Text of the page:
Frederick “Freddie” John Barratt


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The uncle of the Barratt brothers previously featured on this blog, Freddie was born on 25 October 1878, when his home address was Waterworks Lane, Tettenhall, Wolverhampton. He was the son of George and Phoebe Barratt. By 1901, they were living at Limes Road, Tettenhall, along with Freddie’s siblings Charles Henry and Jeanie. On 3 March 1904, Freddie married Alice Cooper at Wolverhampton Registry Office. They had six children – Jeanie (20 Jun 1904), George (10 Nov 1905), Edward (30 Dec 1909), Jessie (20 Dec 1906), William (14 Jun 1912), and Frederick (16 Jun 1914).

On 12 December 1914, Freddie enlisted as a Sapper with the Royal Engineers (service number 32444). His address by that date was 11 Manor Street, Tettenhall, and his trade was given as carpenter (skilled). From 6 May 1915 onwards, he served in France and later Basra, Iraq, serving with the 7th (Meerut) Cavalry Brigade and 7th Indian Cavalry Brigade. Freddie survived the war, and died on 28 August 1970 in Tettenhall.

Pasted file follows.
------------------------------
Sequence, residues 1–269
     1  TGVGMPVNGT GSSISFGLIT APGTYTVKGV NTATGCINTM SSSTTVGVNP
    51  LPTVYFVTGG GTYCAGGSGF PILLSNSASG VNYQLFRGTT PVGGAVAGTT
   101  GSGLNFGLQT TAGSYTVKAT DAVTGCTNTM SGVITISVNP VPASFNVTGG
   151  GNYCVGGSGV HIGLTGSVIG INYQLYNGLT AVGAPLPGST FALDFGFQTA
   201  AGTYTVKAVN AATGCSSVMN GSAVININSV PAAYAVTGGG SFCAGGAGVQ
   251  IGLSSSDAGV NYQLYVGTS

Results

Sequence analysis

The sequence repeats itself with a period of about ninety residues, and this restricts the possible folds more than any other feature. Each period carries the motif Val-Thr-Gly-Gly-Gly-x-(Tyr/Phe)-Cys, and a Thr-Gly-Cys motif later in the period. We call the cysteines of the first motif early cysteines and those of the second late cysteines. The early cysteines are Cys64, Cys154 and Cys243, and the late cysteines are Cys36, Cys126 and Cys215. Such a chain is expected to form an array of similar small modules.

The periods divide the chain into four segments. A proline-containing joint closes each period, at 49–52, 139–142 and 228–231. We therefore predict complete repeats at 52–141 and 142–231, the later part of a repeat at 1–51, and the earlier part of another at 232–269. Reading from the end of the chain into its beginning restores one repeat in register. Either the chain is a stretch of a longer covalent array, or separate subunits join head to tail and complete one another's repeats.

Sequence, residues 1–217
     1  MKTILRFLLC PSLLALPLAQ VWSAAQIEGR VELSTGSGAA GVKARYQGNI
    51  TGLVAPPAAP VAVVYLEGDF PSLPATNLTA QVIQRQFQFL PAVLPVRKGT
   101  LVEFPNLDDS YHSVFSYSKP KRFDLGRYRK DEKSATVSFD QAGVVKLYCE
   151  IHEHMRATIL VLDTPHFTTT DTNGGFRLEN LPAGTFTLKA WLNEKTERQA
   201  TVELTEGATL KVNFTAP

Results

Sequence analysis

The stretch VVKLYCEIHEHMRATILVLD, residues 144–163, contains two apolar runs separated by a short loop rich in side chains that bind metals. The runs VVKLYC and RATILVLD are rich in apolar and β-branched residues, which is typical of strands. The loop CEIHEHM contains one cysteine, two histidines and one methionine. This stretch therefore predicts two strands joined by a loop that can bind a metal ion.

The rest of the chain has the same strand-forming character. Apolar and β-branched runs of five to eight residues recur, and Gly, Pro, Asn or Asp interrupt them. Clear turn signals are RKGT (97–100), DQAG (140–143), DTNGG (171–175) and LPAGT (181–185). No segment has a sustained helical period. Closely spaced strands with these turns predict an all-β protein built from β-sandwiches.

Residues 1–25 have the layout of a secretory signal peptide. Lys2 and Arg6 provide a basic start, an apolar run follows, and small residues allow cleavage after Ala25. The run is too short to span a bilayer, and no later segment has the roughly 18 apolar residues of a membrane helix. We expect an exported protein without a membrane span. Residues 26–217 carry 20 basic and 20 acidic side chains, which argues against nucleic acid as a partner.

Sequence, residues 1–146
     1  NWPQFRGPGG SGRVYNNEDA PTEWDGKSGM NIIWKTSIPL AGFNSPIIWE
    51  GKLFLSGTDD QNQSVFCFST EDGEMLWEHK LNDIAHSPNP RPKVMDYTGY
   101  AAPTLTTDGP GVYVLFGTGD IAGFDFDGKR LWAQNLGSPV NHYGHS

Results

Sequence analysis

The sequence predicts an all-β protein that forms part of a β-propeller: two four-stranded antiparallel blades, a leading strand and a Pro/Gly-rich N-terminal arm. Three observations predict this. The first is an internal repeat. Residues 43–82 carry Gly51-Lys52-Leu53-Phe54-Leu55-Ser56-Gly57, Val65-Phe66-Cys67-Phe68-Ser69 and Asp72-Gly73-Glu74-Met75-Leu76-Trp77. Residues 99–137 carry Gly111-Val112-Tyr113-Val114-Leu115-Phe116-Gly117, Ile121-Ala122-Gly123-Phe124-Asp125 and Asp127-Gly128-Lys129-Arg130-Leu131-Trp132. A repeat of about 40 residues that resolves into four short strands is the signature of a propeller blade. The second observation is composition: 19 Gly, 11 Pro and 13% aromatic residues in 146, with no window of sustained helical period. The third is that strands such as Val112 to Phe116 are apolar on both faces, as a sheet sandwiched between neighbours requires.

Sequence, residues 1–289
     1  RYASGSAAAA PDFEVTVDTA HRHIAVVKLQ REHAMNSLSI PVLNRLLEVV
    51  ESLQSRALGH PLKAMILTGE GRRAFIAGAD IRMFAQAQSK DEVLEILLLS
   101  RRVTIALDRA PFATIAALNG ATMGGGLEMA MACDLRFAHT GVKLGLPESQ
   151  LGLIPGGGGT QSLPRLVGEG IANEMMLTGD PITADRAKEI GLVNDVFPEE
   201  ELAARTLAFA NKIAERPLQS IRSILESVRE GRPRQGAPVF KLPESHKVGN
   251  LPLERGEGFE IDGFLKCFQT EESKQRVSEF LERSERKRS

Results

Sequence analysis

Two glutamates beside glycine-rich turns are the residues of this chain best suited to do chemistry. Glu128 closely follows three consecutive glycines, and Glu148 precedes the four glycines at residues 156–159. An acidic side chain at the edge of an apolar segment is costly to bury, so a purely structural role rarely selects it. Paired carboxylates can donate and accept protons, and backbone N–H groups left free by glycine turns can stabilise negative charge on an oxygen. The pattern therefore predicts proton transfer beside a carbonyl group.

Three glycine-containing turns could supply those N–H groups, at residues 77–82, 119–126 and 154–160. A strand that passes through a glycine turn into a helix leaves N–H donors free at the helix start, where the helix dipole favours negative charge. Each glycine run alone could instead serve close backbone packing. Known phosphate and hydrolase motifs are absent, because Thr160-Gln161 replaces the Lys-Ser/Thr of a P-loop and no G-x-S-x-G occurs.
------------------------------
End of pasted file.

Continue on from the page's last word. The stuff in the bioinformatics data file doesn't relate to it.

Thanks to George Clegg for sharing these details about his ancestor.

Horace Leonard Rowley


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rowley-horaceHorace was born in Wolverhampton in 1894, the son of George and Elizabeth Rowley. In 1901, he was living at 10 Fawdry Street, Wolverhampton, together with his parents and siblings Harold Ernest, George James, Lillian May, Albert Edward and Eveline. They had moved to 2 Alexandra Street, Wolverhampton, by 1911, with an additional three children – Augustus or Gustavus Charles, Harry and Olive. Horace was working as a hairdresser’s assistant, and he later became a barber. Horace’s father died in 1912.